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Sunday, September 12, 2010

Fighting the blues

It probably hasn't escaped your attention that my spirits have been low lately. The fire, the camera thefts, other unethical behavior by fellow humans, and back pain have dragged me down and left me exhausted. I started my day by reminding myself that many wonderful people, dogs, and places surround me. I usually can keep perspective and remember how lucky I am. I'm hoping to regain that ability soon.

K's soulful eyes in the photo below, taken in the dwindling light of sunset, remind me of the good in life.Today, I thought that I would shake the blues that have possessed me for a couple of weeks. It was a glorious, warm, and colorful autumn day. I had both halves of our wonderful and lovable Duo with me for a mountain bike ride through blazing aspen groves.
We started early, when it was still crisp and the smoke was down. The stunning mountains met us at the top of the world.Both K and R donned muzzles to prevent 'shrooming. I heeded advice from the comments and tried loosening K's muzzle. Unfortunately, it didn't improve her disposition but it did look more comfortable.
When I briefly took off the muzzles, they both looked relieved but K even more than R. Although they are both full Labs, their temperaments are a study in contrasts. Almost nothing fazes R but K is extraordinarily sensitive and insecure about any change in her world, especially changes that make her feel less able to protect herself.
Shortly later, as I pedaled through an aspen grove, I spotted bear tracks in the sand. When the Duo hit the same spot, they jolted awake like they'd just had espresso injected into their veins. I already had my camera out so I captured a photo of K as she accelerated to warp speed.
I was SO pleased that they both pivoted and sprinted to me when I called them. It's bear hunting season so the ursines have a lot to contend with. Their metabolisms are sluggish as hibernation season approaches, and armed people are stalking them. The bears don't need the added stress of dogs chasing them - so I'm thrilled that the Duo behaved so well.

When we passed that spot again on the way home, R gave a lot of though to investigating the fascinating scent but he again heeded my call. What a good dog!
After I dropped the Duo off at home, I went to check a wildlife camera. Immediately, my eyes were drawn to five shallow slices on the locking cable. The inept thief barely dented the surface of the cable, and I spent the next hour moving the camera to an extremely remote location. In fact, I hope that my GPS did a good job of marking the spot or I may never find it again! Thwarting evil feels good! That was the only camera that was posted close to a place that humans occasionally visit - now all my cameras are in very hidden places.

Shortly later, I found a campsite, with camping gear set up in it, but a knee-high campfire unattended. Wind out of the west whipped the flames. All around, bone dry grass and trees beckoned the flames. The campsite sat in terrain like the canyon shown in the photo below. I find it hard to believe that people are so utterly clueless and uncaring. A huge wildfire is still burning nearby. Isn't that sufficient reminder to pay attention to a campfire?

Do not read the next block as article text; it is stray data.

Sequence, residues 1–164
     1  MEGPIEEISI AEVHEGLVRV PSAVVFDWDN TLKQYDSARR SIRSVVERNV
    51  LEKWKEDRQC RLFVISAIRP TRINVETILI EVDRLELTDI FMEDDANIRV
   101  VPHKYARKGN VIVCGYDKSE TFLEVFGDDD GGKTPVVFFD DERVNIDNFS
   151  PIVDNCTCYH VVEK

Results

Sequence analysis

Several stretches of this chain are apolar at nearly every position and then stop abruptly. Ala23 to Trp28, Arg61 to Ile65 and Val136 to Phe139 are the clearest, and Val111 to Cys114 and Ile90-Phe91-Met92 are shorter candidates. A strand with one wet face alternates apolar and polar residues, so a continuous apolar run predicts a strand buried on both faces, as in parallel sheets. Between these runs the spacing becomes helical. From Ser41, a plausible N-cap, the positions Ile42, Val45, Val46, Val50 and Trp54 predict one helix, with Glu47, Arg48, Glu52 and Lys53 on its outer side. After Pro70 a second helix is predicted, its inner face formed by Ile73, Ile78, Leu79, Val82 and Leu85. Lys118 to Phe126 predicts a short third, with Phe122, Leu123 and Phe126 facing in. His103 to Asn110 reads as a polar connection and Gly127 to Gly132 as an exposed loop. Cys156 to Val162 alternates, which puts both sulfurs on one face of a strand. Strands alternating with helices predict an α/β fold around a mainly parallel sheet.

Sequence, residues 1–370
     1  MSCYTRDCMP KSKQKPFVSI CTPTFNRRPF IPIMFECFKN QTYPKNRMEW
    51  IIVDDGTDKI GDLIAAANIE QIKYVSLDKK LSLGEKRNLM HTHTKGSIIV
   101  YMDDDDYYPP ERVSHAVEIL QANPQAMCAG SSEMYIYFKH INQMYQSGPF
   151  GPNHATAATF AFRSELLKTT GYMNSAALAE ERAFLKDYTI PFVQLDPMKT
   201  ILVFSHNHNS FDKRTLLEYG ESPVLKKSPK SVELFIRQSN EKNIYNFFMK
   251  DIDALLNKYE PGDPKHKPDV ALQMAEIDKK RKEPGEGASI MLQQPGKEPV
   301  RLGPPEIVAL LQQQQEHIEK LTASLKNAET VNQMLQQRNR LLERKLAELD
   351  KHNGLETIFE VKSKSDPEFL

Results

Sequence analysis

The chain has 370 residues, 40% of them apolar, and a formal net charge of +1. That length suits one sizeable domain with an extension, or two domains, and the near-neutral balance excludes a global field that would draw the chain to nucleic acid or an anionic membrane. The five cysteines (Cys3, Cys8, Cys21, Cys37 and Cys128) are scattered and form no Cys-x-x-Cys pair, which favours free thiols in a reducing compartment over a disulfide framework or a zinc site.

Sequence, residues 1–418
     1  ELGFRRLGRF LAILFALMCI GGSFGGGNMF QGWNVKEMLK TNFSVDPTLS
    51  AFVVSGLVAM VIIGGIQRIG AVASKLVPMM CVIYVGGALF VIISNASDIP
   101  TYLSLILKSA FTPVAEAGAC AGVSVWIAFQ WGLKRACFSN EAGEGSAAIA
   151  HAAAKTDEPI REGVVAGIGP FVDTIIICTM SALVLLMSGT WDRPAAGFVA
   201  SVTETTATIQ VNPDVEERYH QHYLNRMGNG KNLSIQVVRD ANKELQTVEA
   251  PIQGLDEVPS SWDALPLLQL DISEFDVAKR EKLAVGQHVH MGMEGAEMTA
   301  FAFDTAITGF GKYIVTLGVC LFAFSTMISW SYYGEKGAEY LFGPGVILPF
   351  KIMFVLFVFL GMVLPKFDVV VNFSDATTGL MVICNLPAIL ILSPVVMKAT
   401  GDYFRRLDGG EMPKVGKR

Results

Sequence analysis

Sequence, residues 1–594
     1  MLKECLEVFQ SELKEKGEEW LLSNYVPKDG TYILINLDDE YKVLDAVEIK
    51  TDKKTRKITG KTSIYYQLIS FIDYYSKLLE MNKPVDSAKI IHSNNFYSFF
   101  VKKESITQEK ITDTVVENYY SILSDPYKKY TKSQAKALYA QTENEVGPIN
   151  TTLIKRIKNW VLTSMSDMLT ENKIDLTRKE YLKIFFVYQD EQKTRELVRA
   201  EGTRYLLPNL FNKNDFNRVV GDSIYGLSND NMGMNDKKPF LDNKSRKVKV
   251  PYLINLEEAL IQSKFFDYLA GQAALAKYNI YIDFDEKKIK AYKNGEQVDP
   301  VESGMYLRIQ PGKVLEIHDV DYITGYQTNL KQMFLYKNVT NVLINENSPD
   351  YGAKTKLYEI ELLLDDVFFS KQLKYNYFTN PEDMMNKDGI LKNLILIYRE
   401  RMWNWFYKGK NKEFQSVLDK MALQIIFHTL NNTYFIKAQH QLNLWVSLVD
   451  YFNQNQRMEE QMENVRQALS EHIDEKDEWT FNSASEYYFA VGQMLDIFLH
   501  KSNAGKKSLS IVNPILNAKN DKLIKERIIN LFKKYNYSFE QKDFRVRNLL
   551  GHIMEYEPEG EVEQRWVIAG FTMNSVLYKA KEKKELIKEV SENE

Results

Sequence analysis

After finding the campers and using great restraint to remain polite while talking with them about their fire, I managed to let the incident roll off my back. It was a glorious autumn day, not one to be squandered while continually fulminating over a few bad people.

At another wildlife camera that I checked on my loop, I found that a mother deer and fawn had passed through at dawn. Here, the mother is ahead of the fawn and noticed my camera.
In a few steps, the fawn stood, barely visible behind the doe. The fawn's eye barely reaches her mother's shoulder. According to my reading, a mule deer fawn stays with its mother for almost a year. I was surprised by the long dependency.
I finished my ride by rolling down this spectacular autumn trail. Although the day started cold, the warm sun kissed my shoulders as I whooshed along the buttery trail. Most of life is good.


  1. Are you ever afraid of the duo getting too close to bears?


  2. I'm not sure which stoopid human trick made me more angry:

    the thief or the fire twit -

    Thanks for sharing the day with us - and for persevering -

    I so understand the feelings -

  3. Hi Sam,

    I do worry about the Duo and bears although I doubt that bear could ever catch the duo to hurt them. I mainly worry about the Duo hurting a bear, especially a cub who is fleeing from them.

    Most black bears are incredibly timid, and rarely truly attack. Researchers in Minnesota told of one of their radio-collared bears sitting outside her den with her very very young cub early this spring. A loose dog started harassing them. The cub couldn't climb a tree yet because she was too young and weak. The mother bear simply lay over top of the cub and waited for the dog to go away. The dog eventually departed.

    In general, research shows that bears usually search for the lowest-conflict way out of encounters with humans or their pets. If they can, they simply climb a tree. I often wonder how many bears have watched me from high in trees as I pedaled under them.

  4. I think you are an incredibly strong woman and giving in to a little slump now and then just has to happen. Most of us would never be able to find so much joy in the face of chronic pain. Kudos to you!

    I totally understand your anger at the irresponsible campers. We find the same thing around here. And it seems to occur more when the weather is cooler and the forest is dry. All of us have to take the time and effort to courteously point out how dangerous it is to leave an open fire even for a few minutes.

    I can't believe the Aspens are already turning. Beautiful photographs.

  5. I'm interested to know what the response was from the Campers. . .did they seem to understand what you were talking about? Did you make them sign a promissory note to pay for any damages??? I would!

    No matter what, it seems that you are very good about keeping your sunny side up!


    Jo, Stella and Zkhat

  6. Hee hee! Wouldn't you have loved to have caught the would be thief on camera, not so much so you could turn him in to authorities, but just so you could see his frustration and thwarted efforts? I know I would have enjoyed that a lot!